Google wants to experiment with a fire-extinguishing drone

Tech giant Google wants to experiment with a fire-extinguishing drone using a spray unmanned aircraft. This is evident from an application for an exemption that Google parent company Alphabet has submitted to the Federal Aviation Administration (FAA). The drone in question was developed for agricultural applications, such as spraying pesticides, but may also serve as an extinguishing drone.

Google wants to experiment with a fire-extinguishing drone


The application for a temporary exemption comes from the Google Research Climate and Energy Group. Google would like to see the grant a waiver for flying the HSE-UAV M8A Pro octocopter over its own test site in . The aim is to investigate whether the drone can also be used to extinguish fires.

The HSE-UAV M8A is manufactured in the USA and weighs just over 25 kg. The Maximum Take-off Weight (MTOW) is just under 50 kilos. This means that the drone can take about 20 liters of water per flight. Including fire-fighting water, the aircraft can fly between 8 and 15 minutes and has a top speed of approximately 50 km/hour. It is unclear why Google specifically chooses this device: according to the manufacturer, the drone is about to be phased out.

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Fire-extinguishing drones

Extinguishing fires by means of drones is increasingly in the . An extinguishing drone can easily be directed to hard-to-reach places, in order to effectively nip (starting) fires in the bud, without exposing to danger. In combination with a thermal camera, the drone could also search for the seat of the fire itself.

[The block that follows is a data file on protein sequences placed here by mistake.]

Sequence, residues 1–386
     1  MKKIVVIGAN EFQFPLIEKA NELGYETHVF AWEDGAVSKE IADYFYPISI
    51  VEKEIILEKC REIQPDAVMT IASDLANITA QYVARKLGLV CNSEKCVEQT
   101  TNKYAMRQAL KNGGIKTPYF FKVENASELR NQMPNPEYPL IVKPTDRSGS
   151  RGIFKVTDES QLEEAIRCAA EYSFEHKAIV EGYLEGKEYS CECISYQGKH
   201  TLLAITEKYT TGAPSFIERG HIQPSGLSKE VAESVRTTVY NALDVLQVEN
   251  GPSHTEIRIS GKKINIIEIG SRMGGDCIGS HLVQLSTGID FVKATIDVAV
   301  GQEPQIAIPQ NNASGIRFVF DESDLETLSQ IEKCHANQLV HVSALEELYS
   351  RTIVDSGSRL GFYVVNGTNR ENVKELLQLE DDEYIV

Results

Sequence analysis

In addition to drones with a liquid reservoir on board, ‘tethered fire extinguishing drones’ are also being developed that receive the extinguishing water (and the electrical energy for flying) via a cable. Such drones are suitable for fighting fires in high buildings, for example.


Alphabet uses drones in several ways: Google sister company Wing, for example, works on drones that deliver parcels. However, the intended experiment with the fire-extinguishing drone is separate from that branch.

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This article first appeared on and is written by Wiebe de Jager who is also a DroneXL contributor.

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Wiebe de Jager

Wiebe de Jager (@wdejager) is the founder of Dronewatch and author of several bestselling books about drone photography. Wiebe is a certified drone pilot and has a full ROC license.

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